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Our Research

Our Research Focus

Our lab focuses on integrating observations from in-vivo imaging and molecular ‘omics’ in the study of Alzheimer’s Disease and other neurodegenerative diseases, with the goal of discovering new biomarkers and therapeutic targets, and improving methods to speed the drug discovery process.

Research Themes and Projects:


  1. Theme I: Multiomics investigation of age-related dementias - focus on disease mechanisms and prediction
    1. Project I: Establishing the Neurochemical Fingerprint of Aging and Age-related Dementias Using Multimodal Metabolomics
    2. Project II: Using Multiomics Approaches to Distinguish Dementia Subtypes

  2. Theme II: Novel blood-based biomarker development in age-related dementias
    1. Project I: Evaluating novel blood-based biomarkers in Alzheimer’s disease




Theme I: Project I


Establishing the Neurochemical Fingerprint of Aging and Age-related Dementias Using Multimodal Metabolomics

Readouts of the brain’s metabolite composition can provide key insights into the neurochemical fingerprint of aging, and age-related dementias such as Alzheimer’s disease (Badhwar et al., Brain 2019; Cuperlovic-Culf & Badhwar, Expert Opin Drug Discov 2020). We are combining two complementary and powerful approaches to obtain such readouts: in vivo ultra high-field (7 Tesla) magnetic resonance spectroscopy (MRS), and mass spectrometry-based metabolomics of brain-secreted extracellular vesicles (EVs) in blood. This project will help elucidate the critical role of metabolic pathways in healthy aging and disease.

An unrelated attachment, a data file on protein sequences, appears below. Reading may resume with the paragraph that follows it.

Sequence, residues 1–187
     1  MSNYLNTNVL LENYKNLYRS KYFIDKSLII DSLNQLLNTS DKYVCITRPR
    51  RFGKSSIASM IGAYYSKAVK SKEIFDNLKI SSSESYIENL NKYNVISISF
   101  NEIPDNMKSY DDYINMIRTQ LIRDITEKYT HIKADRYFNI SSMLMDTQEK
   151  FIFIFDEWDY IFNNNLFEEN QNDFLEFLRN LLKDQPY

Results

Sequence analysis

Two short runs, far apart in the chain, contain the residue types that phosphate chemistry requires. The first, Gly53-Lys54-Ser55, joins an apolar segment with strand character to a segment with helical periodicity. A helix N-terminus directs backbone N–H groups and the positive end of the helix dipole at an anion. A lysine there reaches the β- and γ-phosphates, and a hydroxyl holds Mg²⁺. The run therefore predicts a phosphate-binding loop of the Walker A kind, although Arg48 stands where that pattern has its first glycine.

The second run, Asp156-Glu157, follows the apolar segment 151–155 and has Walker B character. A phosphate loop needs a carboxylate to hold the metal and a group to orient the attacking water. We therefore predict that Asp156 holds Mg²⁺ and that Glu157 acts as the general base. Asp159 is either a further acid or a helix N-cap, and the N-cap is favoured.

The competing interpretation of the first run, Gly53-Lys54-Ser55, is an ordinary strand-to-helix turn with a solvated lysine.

figure: Multimodal Metabolomics




Theme I: Project II


Using Multiomics Approaches to Distinguish Dementia Subtypes

Multiomics biomarkers that combine information from systems to molecular biological scales can help identify dementia (e.g. Alzheimer’s disease, Vascular Cognitive Impairment and Dementia) subgroups with homogeneous pathophysiological signatures (Badhwar et al., Brain 2019). We are integrating observations from in-vivo imaging and molecular ‘omics’ to increase the separation between and better distinguish dementia subtypes. This work will improve diagnostic and prognostic power as well as help select patients for clinical trials who are more likely to respond to the therapeutics being tested.

figure: Imaging/Connectomics, Molecular Omics





Theme II: Project I


Evaluating novel blood-based biomarkers in Alzheimer’s disease

Alzheimer’s disease (AD) has a complex, multifactorial pathology. Gold-standard diagnostic workup for AD, in the living patient, relies on biomarker evidence of amyloid-beta and hyperphosphorylated-tau protein deposits in the brain, detected using cerebrospinal fluid analyses and/or positron emission tomography (PET). However, the invasiveness and high-cost associated with these tests limit their widespread implementation in primary care and clinical trials. There thus exists a critical need for blood-based biomarkers that could serve as minimally invasive, widely available, and less costly AD diagnostic tools. We are evaluating brain-derived extracellular vesicles in blood (Badhwar & Haqqani, Alzheimers Dement 2020) as an innovative blood-based diagnostic biomarker of AD.

figure: Blood-Bbased biomarkers